The Glass Mountain

Anna Reynolds
Trestle Theatre Company
The Tobacco Factory, Bristol, and touring
(2009)

Under artistic directorship of Emily Gray, Trestle have branched away from the mask work for which they were once renowned and have engaged in a series of international collaborations.

The Glass Mountain is the latest show in this vein, weaving a classic Polish folk myth with very modern tales of life, love and European migration. Running through the heart of Trestle's collaboration, and of this production, are the physical and vocal traditions of Polish theatre.

The cast of four (Jacek Wytrzymaly, Lenka Rozehnalova, Sean Garratt and Kate Lush) give strong, versatile performances, using Polish and English dialogue as well as mime, chant and the harsh, discordant vocals reminiscent of the Polish theatrical tradition.

The classic fable tells of an over-protective parent, a King, determined to secure nothing but the very best future for his only daughter and, in the process, all but condemning her to a life of misery and torment. Mirroring the myth is the tale of Olek, love-stricken and set on a securing a bright future in England for himself and his young lover.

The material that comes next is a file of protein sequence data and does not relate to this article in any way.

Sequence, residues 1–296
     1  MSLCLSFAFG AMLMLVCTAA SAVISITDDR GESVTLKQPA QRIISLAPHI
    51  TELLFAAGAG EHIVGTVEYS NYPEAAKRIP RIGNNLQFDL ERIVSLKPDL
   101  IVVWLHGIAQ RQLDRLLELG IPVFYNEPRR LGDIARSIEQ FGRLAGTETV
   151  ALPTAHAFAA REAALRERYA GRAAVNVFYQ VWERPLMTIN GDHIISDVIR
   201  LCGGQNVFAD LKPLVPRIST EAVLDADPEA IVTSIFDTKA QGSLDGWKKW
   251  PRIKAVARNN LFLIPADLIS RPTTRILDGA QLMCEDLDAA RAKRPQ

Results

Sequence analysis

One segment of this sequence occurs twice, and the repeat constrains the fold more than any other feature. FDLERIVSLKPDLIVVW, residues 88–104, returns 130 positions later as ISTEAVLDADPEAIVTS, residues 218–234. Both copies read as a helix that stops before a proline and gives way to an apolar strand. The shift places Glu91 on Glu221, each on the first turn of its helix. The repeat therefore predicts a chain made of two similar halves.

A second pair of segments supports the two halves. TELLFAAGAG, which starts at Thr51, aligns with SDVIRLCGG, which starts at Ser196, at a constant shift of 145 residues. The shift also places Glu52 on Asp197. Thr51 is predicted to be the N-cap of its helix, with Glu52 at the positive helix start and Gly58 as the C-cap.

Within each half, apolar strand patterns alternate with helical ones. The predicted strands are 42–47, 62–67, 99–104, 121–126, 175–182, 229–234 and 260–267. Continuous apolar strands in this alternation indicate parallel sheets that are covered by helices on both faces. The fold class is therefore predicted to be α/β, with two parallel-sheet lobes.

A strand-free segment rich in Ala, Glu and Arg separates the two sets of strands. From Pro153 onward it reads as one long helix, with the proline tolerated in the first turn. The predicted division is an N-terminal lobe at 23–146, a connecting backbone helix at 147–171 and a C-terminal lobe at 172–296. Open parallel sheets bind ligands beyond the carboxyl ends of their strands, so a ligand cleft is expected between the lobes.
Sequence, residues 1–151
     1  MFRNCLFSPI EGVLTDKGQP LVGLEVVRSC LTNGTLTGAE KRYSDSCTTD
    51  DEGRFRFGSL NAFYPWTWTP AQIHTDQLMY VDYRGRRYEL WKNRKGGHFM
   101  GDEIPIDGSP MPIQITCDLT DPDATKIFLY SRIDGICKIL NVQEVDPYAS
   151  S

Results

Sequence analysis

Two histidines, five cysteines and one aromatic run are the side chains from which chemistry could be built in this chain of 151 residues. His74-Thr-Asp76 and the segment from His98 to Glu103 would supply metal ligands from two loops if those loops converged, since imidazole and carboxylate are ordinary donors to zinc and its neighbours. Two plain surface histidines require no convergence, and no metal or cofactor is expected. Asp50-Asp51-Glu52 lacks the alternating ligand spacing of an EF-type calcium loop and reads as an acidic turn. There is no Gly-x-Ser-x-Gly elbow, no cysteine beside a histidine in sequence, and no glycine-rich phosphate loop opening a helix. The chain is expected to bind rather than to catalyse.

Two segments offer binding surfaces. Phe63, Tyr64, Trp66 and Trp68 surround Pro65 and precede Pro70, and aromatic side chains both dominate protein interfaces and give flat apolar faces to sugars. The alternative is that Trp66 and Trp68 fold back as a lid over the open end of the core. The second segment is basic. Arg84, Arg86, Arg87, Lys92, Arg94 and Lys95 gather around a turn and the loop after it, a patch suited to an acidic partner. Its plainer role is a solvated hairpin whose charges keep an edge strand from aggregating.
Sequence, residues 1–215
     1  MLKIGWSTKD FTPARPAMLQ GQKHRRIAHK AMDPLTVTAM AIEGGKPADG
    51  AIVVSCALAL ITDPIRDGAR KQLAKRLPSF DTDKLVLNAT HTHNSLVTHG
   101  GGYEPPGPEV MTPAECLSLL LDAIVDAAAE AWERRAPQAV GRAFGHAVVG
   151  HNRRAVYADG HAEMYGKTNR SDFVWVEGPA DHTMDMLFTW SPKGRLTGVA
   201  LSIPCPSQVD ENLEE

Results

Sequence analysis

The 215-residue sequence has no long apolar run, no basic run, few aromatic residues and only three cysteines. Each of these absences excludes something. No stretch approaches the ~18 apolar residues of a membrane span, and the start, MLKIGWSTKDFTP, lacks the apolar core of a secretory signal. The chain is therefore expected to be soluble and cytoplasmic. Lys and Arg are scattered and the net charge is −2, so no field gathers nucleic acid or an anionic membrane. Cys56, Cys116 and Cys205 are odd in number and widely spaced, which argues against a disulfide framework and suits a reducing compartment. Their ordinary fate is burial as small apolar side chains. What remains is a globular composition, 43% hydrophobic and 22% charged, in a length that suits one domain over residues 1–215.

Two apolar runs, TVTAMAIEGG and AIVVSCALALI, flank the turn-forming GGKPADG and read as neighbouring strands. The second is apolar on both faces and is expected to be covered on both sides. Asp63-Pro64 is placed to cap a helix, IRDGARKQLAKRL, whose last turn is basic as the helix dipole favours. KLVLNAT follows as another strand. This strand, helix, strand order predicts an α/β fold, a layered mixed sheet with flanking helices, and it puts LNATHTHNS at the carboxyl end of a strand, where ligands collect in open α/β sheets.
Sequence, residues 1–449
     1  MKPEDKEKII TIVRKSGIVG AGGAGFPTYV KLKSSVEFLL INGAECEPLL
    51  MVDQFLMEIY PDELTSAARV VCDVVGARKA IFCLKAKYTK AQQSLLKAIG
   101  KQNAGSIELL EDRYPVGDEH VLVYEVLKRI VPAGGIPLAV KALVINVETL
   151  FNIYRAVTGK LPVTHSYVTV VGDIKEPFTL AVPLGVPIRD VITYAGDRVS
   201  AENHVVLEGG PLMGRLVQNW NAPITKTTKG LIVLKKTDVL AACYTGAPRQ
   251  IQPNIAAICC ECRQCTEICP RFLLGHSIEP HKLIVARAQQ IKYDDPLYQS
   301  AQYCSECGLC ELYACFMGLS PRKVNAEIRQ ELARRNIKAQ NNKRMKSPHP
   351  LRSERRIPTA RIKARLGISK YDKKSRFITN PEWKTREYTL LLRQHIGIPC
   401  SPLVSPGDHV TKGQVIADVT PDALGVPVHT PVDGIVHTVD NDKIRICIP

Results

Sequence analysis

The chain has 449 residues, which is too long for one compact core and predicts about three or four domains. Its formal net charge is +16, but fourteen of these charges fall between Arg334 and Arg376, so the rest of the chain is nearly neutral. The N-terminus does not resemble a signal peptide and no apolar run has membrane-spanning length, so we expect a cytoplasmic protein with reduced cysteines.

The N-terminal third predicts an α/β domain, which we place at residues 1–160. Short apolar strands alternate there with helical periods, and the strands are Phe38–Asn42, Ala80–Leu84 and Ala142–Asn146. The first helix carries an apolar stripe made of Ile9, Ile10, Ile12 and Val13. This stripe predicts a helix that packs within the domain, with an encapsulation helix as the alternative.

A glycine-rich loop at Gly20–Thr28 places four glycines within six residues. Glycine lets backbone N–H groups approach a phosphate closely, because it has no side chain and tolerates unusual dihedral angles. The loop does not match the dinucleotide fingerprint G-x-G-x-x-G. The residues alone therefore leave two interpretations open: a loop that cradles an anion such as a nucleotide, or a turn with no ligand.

This is an intriguing and well imagined production, with clever design, arresting physicality and plenty of quirky Eastern European humour. For instance, particularly memorable was the Priest who regularly makes the coach trip from Poland to the ferry ports in order to persuade his fellow travellers to make their confession, as, "some people can only confess between countries".

Ultimately however, there is an over-earnestness about this production. Great physicality and arresting Eastern European discordant choral vocals (if delivered with pitch-perfect precision, which isn't always the case here), are undoubtedly powerful tools where they are blended seamlessly into the storytelling.

The problem here is that there are too many instances in which these devices feel artificial and intrusive, rather than heightening the impact of the drama they are supposed to serve. The result is that the chanting at times threatens to irritate and the physicality interferes in places with the plot development.

Consequently that the potential of this piece is not entirely realised.

"The Glass Mountain" tours to Luton, Scarborough, Liverpool, Salisbury, Cirencester, Hereford, Frome, Bath, Wakefield, Jersey and Colchester

Allison Vale